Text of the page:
"A Few Facts Concerning GMT, UT, and the RGO", R. Langley, July 1997.;
Available at http://community.bellcore.com/mbr/gmt-explained.html.


The following sections present the acceptable formats for date and times, with accompanying notes and examples.

The syntax specification of a particular format of date or time is described in a format where:

  • Italicized letters denote placeholders that will be defined as referring to a component of date or time.
    For instance, ccyy will be defined as "cc -- a two digit century, yy -- a two digit year"
  • Square brackets enclose an optional portion of the format.
  • All other characters should be assumed to be literal characters.


Dates must be expressed in any of the following forms:

  • ccyy[mm[dd]] -- examples:
  • ccyy[-mm[-dd]] -- examples:

where the components of the date are defined as:

  • cc -- two digit century
  • yy -- two digit year
  • mm -- two digit month (01 (January) through 12)
  • dd -- two digit day (01 through 31)


  • All components must be zero padded to two digits.
  • The only punctuation character that is acceptable between date components is the hyphen character u002d.
  • Not all of these formats constitute a date to the precision of an actual day, hence it is up to the application to determine whether "1997-07" is an acceptable date, i.e. is the application looking for a particular day, in which case 1997-07 is not precise enough because it doesn't specify a day.


Time must be expressed in any of the following forms:

  • hh[mm[ss[.ffff][Z]]]
  • hh[:mm[:ss[.ffff][Z]]]

where the components of the time are defined as:

  • hh -- two digit hour (00 (midnight) through 23) (am/pm NOT allowed)
  • mm -- two digit minute (00 through 59)
  • ss -- two digit second (00 through 59)
  • ffff -- any number of digits specifying fractional seconds always preceded by a dot (Unicode character u002e).  This specification does not wholly specify how many digits may be used to represent the decimal fraction of a second, but does require that a minimum of 4 digits be supported.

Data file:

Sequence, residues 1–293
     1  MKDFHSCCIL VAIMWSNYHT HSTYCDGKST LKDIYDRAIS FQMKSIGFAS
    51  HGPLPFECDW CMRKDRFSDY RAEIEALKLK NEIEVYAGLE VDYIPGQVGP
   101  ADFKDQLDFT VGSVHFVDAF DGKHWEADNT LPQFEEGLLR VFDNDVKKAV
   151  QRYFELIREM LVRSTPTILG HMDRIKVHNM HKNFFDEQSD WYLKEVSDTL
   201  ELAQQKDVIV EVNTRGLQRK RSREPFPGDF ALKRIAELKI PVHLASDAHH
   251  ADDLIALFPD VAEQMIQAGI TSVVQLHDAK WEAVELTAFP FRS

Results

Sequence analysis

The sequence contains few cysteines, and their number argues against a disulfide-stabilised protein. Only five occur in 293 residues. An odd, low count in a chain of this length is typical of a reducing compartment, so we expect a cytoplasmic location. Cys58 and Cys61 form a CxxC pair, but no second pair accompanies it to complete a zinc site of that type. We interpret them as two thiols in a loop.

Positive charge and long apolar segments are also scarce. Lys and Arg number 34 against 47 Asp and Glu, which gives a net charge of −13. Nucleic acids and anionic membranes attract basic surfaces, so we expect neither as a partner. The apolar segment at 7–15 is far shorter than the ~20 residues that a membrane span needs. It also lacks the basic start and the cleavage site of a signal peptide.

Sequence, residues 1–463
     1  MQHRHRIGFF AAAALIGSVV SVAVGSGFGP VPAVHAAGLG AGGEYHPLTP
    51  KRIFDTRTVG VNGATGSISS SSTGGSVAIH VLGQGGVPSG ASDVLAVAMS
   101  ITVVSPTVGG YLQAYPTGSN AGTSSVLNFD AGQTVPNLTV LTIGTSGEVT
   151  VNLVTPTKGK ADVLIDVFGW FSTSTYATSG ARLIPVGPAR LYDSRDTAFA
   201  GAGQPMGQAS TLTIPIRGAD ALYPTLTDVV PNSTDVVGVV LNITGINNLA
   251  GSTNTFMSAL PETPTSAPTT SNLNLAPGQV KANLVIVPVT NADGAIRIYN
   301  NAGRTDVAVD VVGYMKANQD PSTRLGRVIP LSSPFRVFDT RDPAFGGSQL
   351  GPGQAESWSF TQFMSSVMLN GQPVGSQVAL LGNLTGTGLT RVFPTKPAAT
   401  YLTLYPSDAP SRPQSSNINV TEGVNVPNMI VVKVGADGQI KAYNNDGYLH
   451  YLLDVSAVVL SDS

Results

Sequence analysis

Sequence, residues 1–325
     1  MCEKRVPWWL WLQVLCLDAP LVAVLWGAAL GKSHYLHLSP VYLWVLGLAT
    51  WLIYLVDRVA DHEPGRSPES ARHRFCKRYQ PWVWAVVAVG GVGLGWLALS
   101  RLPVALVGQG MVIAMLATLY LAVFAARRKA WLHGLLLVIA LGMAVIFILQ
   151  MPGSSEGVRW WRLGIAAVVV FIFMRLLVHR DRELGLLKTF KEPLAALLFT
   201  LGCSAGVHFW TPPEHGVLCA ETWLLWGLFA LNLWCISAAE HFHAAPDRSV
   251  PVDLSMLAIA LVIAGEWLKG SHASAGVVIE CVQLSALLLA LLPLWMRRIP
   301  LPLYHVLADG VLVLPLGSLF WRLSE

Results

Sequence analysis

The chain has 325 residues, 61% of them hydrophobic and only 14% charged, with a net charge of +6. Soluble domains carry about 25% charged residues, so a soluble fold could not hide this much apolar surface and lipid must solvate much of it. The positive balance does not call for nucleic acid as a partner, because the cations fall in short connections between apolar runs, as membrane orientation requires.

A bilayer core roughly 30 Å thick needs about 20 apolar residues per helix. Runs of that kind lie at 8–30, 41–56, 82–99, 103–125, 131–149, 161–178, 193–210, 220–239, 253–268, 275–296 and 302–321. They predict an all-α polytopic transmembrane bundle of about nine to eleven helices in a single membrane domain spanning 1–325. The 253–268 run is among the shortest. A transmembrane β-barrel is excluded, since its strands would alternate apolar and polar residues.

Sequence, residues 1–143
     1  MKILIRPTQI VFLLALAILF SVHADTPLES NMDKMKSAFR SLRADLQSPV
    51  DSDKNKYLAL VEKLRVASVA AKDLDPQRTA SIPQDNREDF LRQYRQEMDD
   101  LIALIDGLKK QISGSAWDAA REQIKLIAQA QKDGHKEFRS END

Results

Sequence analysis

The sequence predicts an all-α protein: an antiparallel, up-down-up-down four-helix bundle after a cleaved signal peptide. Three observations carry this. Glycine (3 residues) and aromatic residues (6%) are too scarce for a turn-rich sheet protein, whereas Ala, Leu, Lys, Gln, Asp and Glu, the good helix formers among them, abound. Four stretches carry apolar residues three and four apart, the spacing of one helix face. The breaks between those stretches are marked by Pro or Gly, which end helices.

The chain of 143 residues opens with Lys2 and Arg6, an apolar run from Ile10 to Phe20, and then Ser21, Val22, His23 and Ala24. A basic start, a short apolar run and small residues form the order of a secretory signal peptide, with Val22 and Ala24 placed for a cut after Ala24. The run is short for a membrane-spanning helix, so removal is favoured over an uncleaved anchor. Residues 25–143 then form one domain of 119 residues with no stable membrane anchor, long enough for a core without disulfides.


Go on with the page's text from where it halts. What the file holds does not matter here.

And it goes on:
• a timezone designator which:
    • if omitted states a local time with an unknown timezone.  This may contravene the [ISO8601] specification, I'm not sure.  Unfortunately even if it does contravene the specification it has been deemed a requirement that we allow you to omit the timezone information.  It should be noted that doing so will cause your time data value to be useless to applications that operate within other timezones and wish to perform time-based calculations.   Therefore, you are strongly encouraged to write software that produces time data with a timezone designator.
    • if 'Z' (Unicode character u005a) states [UTC] ('zero meridian', or 'Zulu Time')
    • if an offset of plus or minus an hour/minutes states that the offset can be added to the time to indicate that the local time zone is hh hours and mm minutes ahead or behind [UTC].   The plus or minus sign must be included.


  • The hour, minute, and second components must be zero padded to two digits.